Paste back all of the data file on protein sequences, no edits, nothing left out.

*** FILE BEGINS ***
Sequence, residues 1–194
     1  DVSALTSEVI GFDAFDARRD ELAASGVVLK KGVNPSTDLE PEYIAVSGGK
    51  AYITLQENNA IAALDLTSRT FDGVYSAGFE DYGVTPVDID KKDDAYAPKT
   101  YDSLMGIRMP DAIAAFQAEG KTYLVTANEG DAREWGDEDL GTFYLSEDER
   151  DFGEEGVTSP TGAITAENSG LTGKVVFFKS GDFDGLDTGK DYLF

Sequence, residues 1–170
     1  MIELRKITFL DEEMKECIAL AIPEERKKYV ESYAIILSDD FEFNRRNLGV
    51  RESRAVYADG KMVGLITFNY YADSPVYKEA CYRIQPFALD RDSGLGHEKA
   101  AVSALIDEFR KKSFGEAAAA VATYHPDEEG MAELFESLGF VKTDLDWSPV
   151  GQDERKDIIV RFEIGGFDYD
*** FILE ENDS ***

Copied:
Sequence, residues 1–194
     1  DVSALTSEVI GFDAFDARRD ELAASGVVLK KGVNPSTDLE PEYIAVSGGK
    51  AYITLQENNA IAALDLTSRT FDGVYSAGFE DYGVTPVDID KKDDAYAPKT
   101  YDSLMGIRMP DAIAAFQAEG KTYLVTANEG DAREWGDEDL GTFYLSEDER
   151  DFGEEGVTSP TGAITAENSG LTGKVVFFKS GDFDGLDTGK DYLF

Sequence, residues 1–170
     1  MIELRKITFL DEEMKECIAL AIPEERKKYV ESYAIILSDD FEFNRRNLGV
    51  RESRAVYADG KMVGLITFNY YADSPVYKEA CYRIQPFALD RDSGLGHEKA
   101  AVSALIDEFR KKSFGEAAAA VATYHPDEEG MAELFESLGF VKTDLDWSPV
   151  GQDERKDIIV RFEIGGFDYD